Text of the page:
The venison was tender, remarkably raffinated, and the garnish, with a slightly sour taste, contributed to a very intelligent contrast. I don’t think I was sufficiently prepared to savor something like this. Regularly, venison is eaten with much weaker garnish, or at least, more classic. While I ate this dish I kept exchanging impressions with Mr. Double Espresso. I had the sensation that the strong taste of the garnish overwhelmed the venison, so at one point we decided to eat a couple pieces of venison without the garnish, to see how it affected the dish.

The fact is that we understood this new-fangled bold joining of taste only post factum, reading more about the style and personality of Chef Christian Jürgens.

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SHEEP RUN – sheep and goat cheese, apricot and onion (pearl onion)

 

IMG_0338As I said, it was a night in which everything was served to us “on the tray”, we couldn’t laze around in our chairs, or delight our senses in a gradual, easy way. We always had to be attentive, to think, to use our intuition and to struggle in order to overcome prejudices, classic paradigms, to get out of our comfort zone.

Compliments – venison stew served in red onion peel

Compliments – venison stew served in red onion peel

As I, following several rather unpleasant experiences, decided not to change my wine during my meal anymore (usually, each dish is accompanied by a wine, which puts it’s assets into the spotlight), I drank a white wine produced by the Chef himself, recommended by the sommelier, which rose to my expecations. It was complex enough for a wine which had to accompany 7 dishes. It had a pleasent smell, perfumed.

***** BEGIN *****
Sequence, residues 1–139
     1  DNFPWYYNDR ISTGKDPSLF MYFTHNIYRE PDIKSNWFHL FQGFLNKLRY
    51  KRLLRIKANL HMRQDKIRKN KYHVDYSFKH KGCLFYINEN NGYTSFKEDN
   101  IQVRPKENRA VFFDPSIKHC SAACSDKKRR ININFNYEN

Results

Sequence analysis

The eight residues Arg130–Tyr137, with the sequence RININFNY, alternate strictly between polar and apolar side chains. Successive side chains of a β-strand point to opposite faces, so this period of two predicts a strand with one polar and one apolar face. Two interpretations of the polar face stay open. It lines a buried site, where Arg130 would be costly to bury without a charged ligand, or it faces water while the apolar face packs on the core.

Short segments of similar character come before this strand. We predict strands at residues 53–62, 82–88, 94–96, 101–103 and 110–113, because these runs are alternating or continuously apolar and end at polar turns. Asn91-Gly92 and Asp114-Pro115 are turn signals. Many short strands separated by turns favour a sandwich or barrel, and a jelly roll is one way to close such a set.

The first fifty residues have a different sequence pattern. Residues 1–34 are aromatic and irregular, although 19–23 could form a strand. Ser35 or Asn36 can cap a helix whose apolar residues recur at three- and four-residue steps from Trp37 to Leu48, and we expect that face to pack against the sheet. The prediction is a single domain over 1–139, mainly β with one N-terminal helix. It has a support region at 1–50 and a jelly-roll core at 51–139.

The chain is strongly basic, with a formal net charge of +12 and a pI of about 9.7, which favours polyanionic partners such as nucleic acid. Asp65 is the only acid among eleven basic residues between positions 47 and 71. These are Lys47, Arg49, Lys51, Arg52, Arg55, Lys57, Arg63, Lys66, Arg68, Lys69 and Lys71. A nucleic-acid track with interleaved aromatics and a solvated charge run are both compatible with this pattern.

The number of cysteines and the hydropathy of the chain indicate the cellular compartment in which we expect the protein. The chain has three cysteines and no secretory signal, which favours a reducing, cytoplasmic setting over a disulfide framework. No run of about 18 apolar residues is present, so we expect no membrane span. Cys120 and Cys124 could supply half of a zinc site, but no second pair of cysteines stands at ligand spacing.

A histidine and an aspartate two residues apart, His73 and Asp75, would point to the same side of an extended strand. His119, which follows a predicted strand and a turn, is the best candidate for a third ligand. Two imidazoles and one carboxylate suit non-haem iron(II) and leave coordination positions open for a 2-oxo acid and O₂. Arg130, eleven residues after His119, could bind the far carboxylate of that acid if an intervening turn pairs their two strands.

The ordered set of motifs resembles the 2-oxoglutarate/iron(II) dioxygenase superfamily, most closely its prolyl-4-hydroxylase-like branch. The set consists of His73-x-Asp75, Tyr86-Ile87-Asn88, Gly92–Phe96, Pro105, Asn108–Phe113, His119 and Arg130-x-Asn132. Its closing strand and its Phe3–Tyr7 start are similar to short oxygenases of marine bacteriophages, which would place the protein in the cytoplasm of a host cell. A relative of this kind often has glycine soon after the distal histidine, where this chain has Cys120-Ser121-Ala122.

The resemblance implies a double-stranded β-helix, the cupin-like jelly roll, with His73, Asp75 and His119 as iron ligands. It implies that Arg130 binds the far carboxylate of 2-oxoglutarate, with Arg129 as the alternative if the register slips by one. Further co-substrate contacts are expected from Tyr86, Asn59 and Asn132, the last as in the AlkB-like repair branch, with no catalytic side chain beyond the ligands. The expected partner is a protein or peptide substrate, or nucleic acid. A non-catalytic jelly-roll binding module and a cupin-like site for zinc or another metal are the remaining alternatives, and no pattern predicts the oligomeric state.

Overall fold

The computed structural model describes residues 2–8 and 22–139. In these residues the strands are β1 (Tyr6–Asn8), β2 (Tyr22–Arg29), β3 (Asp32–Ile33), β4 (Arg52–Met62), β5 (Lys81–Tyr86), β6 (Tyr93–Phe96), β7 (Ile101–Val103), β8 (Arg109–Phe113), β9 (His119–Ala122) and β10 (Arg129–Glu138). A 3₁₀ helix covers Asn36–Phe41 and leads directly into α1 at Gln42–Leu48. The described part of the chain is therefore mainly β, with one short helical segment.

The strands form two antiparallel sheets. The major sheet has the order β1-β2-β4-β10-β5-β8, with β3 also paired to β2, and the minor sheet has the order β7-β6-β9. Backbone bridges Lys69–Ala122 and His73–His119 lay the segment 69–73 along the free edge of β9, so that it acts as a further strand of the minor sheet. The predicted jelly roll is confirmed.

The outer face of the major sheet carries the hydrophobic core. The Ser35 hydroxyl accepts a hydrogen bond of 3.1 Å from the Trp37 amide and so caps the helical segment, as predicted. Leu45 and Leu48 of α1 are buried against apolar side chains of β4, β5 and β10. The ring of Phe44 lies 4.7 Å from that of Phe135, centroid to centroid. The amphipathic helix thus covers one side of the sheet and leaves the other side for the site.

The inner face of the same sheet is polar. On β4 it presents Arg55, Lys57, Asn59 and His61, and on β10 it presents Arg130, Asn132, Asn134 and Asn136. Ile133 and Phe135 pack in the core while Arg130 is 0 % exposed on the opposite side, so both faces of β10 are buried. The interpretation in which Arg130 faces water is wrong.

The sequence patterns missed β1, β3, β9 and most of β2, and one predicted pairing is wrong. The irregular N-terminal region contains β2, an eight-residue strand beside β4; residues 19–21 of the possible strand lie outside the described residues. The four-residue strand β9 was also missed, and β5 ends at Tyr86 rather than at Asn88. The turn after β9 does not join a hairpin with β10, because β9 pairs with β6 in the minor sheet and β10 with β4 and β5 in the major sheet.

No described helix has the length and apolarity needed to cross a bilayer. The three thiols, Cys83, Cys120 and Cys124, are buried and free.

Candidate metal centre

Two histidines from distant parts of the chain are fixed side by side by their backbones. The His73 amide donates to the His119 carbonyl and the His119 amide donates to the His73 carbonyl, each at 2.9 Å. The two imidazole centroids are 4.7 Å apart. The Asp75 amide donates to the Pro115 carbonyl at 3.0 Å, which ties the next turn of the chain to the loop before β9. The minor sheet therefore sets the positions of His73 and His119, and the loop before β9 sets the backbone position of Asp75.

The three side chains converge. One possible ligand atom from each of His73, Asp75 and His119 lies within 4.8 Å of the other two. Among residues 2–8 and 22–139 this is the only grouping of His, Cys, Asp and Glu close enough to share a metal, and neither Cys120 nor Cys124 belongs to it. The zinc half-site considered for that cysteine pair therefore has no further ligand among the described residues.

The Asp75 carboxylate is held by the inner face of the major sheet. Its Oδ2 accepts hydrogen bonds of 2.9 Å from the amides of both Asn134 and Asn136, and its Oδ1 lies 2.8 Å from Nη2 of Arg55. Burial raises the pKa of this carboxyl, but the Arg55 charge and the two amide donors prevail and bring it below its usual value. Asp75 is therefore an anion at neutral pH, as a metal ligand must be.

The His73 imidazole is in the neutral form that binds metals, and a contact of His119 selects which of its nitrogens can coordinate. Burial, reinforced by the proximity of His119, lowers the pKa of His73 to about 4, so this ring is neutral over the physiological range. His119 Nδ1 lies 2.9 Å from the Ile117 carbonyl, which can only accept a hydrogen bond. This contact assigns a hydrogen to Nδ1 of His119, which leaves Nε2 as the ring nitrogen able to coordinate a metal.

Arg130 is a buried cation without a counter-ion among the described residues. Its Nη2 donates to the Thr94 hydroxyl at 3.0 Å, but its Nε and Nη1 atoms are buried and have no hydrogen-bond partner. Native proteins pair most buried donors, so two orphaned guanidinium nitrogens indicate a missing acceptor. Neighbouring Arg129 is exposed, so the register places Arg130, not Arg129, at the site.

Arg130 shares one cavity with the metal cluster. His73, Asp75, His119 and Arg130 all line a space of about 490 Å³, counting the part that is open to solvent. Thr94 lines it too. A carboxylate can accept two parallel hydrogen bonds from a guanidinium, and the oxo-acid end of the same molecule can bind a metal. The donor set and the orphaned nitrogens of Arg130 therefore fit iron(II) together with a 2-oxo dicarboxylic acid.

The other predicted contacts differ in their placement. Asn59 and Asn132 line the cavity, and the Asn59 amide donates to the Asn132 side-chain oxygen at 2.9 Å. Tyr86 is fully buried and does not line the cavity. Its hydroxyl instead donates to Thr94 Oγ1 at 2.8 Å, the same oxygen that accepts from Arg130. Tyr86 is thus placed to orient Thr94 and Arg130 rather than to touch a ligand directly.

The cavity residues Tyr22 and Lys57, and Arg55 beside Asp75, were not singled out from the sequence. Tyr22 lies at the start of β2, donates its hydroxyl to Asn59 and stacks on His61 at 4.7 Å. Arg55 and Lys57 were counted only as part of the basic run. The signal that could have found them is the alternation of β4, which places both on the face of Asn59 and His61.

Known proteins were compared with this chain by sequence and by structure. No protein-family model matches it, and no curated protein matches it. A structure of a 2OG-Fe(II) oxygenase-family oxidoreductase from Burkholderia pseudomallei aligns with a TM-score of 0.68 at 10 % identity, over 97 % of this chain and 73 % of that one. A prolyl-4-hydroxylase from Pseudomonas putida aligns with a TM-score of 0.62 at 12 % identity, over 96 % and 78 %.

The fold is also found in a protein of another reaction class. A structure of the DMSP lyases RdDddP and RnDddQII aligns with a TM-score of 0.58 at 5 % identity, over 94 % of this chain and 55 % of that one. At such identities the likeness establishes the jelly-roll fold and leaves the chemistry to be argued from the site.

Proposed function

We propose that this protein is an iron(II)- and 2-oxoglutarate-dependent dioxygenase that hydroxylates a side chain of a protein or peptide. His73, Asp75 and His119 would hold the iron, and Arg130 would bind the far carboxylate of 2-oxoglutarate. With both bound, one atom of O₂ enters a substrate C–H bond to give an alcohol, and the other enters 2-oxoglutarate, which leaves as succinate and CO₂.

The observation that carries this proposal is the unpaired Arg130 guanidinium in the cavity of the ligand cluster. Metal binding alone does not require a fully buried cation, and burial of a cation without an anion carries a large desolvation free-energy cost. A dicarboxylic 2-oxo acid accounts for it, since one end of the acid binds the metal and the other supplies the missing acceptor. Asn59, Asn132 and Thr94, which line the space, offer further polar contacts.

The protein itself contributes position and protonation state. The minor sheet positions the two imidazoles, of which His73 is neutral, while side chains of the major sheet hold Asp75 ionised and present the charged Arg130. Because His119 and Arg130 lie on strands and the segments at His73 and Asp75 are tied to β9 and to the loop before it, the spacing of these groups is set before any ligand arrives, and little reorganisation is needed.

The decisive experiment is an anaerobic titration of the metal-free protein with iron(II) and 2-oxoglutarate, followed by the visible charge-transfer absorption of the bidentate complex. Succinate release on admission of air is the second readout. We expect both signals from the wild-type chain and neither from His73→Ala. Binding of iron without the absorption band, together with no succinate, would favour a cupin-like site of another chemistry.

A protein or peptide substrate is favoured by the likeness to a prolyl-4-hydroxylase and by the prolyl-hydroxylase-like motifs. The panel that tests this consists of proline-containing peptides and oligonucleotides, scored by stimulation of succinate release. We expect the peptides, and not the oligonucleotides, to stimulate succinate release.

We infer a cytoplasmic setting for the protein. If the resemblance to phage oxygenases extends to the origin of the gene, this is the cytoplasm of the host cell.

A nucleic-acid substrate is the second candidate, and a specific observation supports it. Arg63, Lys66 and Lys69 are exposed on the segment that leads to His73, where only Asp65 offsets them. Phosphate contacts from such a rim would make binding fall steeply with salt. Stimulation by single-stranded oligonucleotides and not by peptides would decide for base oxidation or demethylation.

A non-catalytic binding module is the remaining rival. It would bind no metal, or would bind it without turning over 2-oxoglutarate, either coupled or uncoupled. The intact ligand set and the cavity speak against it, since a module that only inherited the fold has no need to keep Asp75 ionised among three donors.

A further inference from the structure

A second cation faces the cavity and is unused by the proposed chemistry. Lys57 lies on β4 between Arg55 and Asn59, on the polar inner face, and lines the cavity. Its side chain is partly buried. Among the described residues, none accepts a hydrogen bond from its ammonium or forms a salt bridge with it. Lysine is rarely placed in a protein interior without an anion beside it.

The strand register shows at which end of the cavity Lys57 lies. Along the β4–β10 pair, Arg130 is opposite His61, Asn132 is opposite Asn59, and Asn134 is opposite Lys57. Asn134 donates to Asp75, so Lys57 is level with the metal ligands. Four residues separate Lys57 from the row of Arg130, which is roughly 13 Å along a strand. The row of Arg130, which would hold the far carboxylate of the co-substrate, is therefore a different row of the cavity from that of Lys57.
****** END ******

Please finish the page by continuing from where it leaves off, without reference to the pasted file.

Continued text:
PLUM BRANCH – plums, sour cream, cinnamon and almond ice cream

PLUM BRANCH – plums, sour cream, cinnamon and almond ice cream

IMG_0345Behind this menu is the talent of marvelous Chef, Christian Jürgens, the son of a German butcher, which took his first cooking lessons at 16. At 29, just a year after he became head Chef of Am Marstall, a restaurant in Munich, he earns it it’s first Michelin star. In 2001 he joins the chef team at «Kastel», in Burg Wernberg, and a year later the restaurant is awarded two Michelin stars. Maybe his luck is following him? Maybe his talent is paving the way before him, and makes everything seem so natural?

In 2013 Jürgens was named ‘Chef of the Year” by Gault Millau Germany, and Überfahrt, the restaurant which he leads, was awarded 19 Gault Millau points, a prestige bestowed on only 9 other restaurants.

In 2014, for the first time in it’s history,  Überfahrt receives three Michelin stars.

On the restaurant’s site I’ve read that, besides the five books of which he’s the author of, his weekly cooking shows and the meals and dinners he prepares daily for people who had been looking for a spot at a table in his restaurant for weeks, Chef Christian Jürgens also has time to give cooking lessons bi-monthly.

Maybe he’d be the right person to give life lessons too.